With power-on-demand only e-bikes the rider can:
Please note that some power-on-demand only e-bikes can hardly be confused with, let alone categorised as, bicycles. For example, the Noped is a term used by the Ministry of Transportation of Ontario for e-bikes which do not have pedals or in which the pedals have been removed from their motorised bicycle. These are better categorised as electric mopeds or electric motorcycles.
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In Australia the e-bike is defined by the Australian Vehicle Standards as a bicycle that has an auxiliary motor with a maximum power output not exceeding 200 W without consideration for speed limits or pedal sensors. Each state is responsible for deciding how to treat such a vehicle and currently all states agree that such a vehicle does not require licensing or registration. Various groups are lobbying for an increase in this low limit to encourage more widespread use of e-bikes to assist in mobility, health benefits and to reduce congestion, pollution and road danger. Some states have their own rules such as no riding under electric power on bike paths and through built up areas so riders should view the state laws regarding their use. There is no licence and no registration required for e-bike usage.
Since 30 May 2012, Australia has an additional new e-bike category using the European Union model of a pedelec as per the CE EN15194 standard. This means the e-bike can have a motor of 250W of continuous rated power which can only be activated by pedalling (if above 6 km/h) and must cut out over 25 km/h - if so it is classed as a normal bicycle. The state of Victoria is the first to amend their local road rules to accommodate this new standard which came into effect on the 18th of September 2012.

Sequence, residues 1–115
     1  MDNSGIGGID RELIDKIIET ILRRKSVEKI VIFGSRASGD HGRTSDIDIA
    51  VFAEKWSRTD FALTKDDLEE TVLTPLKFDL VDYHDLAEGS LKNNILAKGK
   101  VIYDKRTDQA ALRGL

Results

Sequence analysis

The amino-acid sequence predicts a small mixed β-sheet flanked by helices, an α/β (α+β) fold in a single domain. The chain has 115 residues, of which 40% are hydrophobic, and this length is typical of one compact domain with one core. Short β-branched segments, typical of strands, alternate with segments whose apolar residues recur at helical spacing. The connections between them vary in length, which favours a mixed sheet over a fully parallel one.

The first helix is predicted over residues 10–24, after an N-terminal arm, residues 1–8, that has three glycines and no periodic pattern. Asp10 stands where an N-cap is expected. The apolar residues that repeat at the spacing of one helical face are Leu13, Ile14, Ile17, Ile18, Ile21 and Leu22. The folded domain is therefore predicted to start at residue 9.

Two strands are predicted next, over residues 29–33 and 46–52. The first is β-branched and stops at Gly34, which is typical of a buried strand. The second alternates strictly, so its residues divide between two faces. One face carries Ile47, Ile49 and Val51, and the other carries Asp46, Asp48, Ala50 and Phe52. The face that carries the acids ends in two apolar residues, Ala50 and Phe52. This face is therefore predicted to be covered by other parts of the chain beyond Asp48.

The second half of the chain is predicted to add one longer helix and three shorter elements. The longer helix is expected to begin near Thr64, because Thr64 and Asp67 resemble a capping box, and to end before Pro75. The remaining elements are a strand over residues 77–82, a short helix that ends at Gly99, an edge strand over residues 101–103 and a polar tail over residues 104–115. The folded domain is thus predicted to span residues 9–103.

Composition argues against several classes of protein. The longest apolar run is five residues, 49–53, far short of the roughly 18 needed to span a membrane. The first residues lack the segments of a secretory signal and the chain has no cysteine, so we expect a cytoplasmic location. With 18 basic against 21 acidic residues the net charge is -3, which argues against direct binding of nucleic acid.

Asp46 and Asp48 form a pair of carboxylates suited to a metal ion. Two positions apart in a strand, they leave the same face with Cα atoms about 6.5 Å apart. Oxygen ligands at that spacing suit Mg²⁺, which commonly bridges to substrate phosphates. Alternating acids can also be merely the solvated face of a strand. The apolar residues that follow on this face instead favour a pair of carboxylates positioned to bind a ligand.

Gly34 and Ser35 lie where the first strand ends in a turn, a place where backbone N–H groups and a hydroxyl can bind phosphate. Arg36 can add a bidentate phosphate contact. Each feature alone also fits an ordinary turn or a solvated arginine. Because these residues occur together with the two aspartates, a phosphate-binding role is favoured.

Eight provinces of Canada allow electric power assisted bicycles. In all eight provinces, e-bikes are limited to 500 W output, and cannot travel faster than 32 km/h (20 mph) on motor power alone on level ground. In Alberta prior to July 1, 2009, the limits were 750 W and 35 km/h (22 mph), but presently match federal legislation. Age restrictions vary in Canada. All require an approved helmet. Regulations may or may not require an interlock to prevent use of power when the rider is not pedaling. Some versions (e.g., if capable of operating without pedaling) of e-bikes require drivers' licenses in some provinces and have age restrictions. Vehicle licenses and liability insurance are not required. Generally, they are considered vehicles (like motorcycles and pedal cycles), so are subject to the same rules of the road as regular bicycles. In some cases, regulatory requirements have been complicated by lobbying in respect of the Segway PT.
Bicycles assisted by a gasoline motor or other fuel are regulated differently from e-bikes. These are classified as motorcycles, regardless of the power output of the motor and maximum attainable speed.
Note that in Canada, the term "assist bicycle" is the technical term for an e-bike and "power-assisted bicycle" is used in the Canadian Federal Legislation, but is carefully defined to only apply to electric motor assist, and specifically excludes internal combustion engines (though this is not the case in the United States).